I regularly update this blog with reflections on current events, issues I’m dealing with in the parliament or important trips I make. I welcome feedback, and encourage you to comment on the blog posts.
Last night the European United Left (GUE/NGL) officially presented Edward Snowden as its nominee for the European Parliament’s human rights award, the Sakharov Prize.
Despite seeing the brutal way in which Chelsea Manning has been treated, Edward Snowden has made a courageous stand in exposing the global surveillance techniques. He has lifted the veil on the spying networks in the USA and also across Europe. The British and French governments have been exposed for spying as have a range of multinational companies such as Google, Apple and Facebook.
It is important that this nomination is used to step up the campaign for him to receive the justice he truly deserves. He should not
be used as a pawn in the games between the US and Russia. Currently the Russia has only granted him one year’s temporary asylum.
Those of us who oppose the attempt to silence and criminalise whistle-blowers need to put pressure on governments, such as the Irish government, for him to be given full asylum.
This government has been at war against working people since it came to power. It is clear that we need to oppose this government and its austerity policies. However, the majority of trade union leaders have utterly failed to do this.
Many on the No side in the Seanad referendum say that the Seanad could frustrate this government and be a ‘watchdog’ for ordinary people. It is very clear that the Seanad in its current form, populated with elitist university seats, party hacks and appointed cronies cannot serve such a role. But could a reformed Seanad stand up to unpopular governments and be a voice for ordinary people?
The proposed reforms of the Seanad are severely limited; university seats, Taoiseach nominees and archaic ‘vocational’ constituencies will remain. The reforms will not be anywhere near enough to prevent the Seanad from remaining a place where the political establishment dominates.
The key question however is can we trust the political establishment to deliver democratic reforms?
The established political parties do not represent our interests. They are tied in a thousand different ways to the richest and most powerful capitalists in the country and fundamentally represent their class interests. We saw this in the votes to bail out the banks and to vote through ruthless austerity budgets year after year. They took these decisions not because they were mistaken, foolish or ill advised but because they are the measures that were in the interests of big business.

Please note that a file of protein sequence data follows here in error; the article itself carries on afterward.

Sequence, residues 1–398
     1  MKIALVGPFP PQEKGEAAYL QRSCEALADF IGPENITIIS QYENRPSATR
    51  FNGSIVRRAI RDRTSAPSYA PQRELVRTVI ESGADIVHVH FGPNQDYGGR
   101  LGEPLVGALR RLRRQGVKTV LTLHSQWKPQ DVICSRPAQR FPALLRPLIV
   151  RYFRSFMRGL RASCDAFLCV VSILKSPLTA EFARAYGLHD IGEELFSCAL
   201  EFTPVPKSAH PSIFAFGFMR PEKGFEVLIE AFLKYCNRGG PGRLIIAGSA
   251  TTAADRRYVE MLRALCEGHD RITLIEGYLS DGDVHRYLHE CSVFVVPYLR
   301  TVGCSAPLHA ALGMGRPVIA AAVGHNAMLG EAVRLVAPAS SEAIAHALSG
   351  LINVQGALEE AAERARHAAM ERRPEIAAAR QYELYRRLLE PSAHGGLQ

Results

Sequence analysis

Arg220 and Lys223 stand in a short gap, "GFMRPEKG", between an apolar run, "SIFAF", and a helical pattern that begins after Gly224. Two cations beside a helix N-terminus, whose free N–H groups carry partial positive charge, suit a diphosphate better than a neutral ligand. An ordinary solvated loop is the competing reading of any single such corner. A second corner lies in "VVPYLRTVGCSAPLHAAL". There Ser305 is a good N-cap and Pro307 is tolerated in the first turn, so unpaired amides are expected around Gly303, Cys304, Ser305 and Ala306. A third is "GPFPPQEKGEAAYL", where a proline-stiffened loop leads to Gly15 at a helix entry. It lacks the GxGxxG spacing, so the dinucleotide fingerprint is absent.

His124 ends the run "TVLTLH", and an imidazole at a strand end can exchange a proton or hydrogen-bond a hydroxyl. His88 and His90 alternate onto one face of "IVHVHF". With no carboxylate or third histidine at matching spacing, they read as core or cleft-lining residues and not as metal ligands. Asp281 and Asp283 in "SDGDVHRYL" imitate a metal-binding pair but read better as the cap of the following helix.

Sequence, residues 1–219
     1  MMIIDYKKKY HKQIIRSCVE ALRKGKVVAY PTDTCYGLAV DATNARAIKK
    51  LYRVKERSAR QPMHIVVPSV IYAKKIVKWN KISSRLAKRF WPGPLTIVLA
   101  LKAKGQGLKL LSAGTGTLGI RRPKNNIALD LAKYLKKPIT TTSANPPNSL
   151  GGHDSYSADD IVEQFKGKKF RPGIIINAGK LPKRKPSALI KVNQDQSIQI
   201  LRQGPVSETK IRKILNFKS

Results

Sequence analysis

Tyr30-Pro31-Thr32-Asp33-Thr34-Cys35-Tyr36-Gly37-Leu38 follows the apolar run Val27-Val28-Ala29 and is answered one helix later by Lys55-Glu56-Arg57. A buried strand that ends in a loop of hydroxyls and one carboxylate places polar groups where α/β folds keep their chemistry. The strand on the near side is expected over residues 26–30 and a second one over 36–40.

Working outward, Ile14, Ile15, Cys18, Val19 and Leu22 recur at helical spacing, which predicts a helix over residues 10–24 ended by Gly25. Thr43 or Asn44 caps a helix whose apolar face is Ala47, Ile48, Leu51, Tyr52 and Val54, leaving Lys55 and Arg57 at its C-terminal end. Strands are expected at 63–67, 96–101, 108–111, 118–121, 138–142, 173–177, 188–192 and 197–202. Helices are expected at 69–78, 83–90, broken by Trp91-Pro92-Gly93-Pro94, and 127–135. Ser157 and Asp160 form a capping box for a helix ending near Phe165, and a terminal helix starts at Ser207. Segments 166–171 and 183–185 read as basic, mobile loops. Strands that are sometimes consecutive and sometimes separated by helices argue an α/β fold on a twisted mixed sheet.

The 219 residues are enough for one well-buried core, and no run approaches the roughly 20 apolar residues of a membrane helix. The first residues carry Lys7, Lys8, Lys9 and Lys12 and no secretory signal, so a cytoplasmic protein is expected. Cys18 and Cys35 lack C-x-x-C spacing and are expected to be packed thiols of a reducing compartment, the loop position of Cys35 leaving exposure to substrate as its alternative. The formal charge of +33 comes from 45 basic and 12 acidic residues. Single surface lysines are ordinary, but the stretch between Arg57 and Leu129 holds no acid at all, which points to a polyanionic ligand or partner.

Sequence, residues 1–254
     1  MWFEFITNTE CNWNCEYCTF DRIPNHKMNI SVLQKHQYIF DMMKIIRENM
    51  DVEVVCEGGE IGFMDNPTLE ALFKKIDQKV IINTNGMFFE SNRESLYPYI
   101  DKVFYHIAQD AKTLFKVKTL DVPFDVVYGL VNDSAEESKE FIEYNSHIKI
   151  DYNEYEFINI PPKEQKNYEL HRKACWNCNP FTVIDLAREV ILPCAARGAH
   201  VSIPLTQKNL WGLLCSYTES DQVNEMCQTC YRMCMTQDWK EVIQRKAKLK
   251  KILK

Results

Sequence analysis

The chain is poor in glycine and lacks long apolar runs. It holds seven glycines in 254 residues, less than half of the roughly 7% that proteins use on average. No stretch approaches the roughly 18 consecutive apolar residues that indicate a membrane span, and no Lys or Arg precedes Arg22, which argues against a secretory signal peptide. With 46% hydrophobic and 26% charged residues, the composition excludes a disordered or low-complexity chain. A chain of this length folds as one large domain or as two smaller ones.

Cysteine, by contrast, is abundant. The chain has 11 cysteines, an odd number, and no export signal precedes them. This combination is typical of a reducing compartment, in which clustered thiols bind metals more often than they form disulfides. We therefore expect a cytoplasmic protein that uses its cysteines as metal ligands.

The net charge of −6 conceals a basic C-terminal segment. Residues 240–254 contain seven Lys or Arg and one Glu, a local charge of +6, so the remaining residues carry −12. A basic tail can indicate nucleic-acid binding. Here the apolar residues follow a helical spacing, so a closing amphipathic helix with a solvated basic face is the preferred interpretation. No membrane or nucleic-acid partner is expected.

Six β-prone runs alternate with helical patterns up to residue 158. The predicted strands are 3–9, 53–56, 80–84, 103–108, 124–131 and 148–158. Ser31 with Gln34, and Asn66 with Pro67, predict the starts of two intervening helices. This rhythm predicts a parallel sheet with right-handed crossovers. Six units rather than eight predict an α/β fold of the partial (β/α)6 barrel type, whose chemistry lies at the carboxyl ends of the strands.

The crisis has seen an assault on democratic rights, unelected ‘technocratic’ governments have been installed in Italy and Greece, the unaccountable EU / IMF troika dictates economic policies and the austerity treaty attempt to tie the hands of elected governments. Basic democratic rights such as the right to protest, organise political activity and be active in a union are being chipped away at. The millionaire owned media is also less and less objective and is openly partisan to anyone challenging the status quo.
For the capitalist class increased democratic rights mean an increased challenge to their system and their ‘right’ to maximise profit at all costs. History has shown us that the capitalist class will not give rights and allow working people a greater say in the running of society without a struggle.
The right to vote was won after monumental battles in the late 19th and early 20th centuries. The right to form and join trade unions was fought for and won after battles such as the 1913 Lockout.
Likewise with the Seanad, the establishment will not give us a second chamber that could genuinely act as a challenge to their interests. Any reforms offered will be minimal and ineffective.
When people stand up and get organised that they have tremendous power and can win victories. Pensioners and people with disabilities have won reversals of some cuts. The mass boycott of the household tax pushed the government back and made the tax uncollectable.
Working people getting organised and fighting back is what can really hold this government to account, not the undemocratic institutions like the Seanad.
Article by Finghín Kelly published in ‘The Socialist’ September 2013
This afternoon a debate will take place in the European Parliament about the war in Syria and the possibility of a US led military intervention.
There can be no doubt that ordinary people in Syria have been experiencing hell on earth for the past two years. What started as a popular uprising against a brutal dictatorship has turned into a sectarian civil war, with no side offering any solution for the majority of working class and young people. One third of Syria’s population has either fled the country or is internally displaced.
People across the world were horrified upon seeing the images of young children dying as a result of a chemical attack. However, people across the world correctly have no trust that a military intervention would ease the suffering of ordinary people in Syria.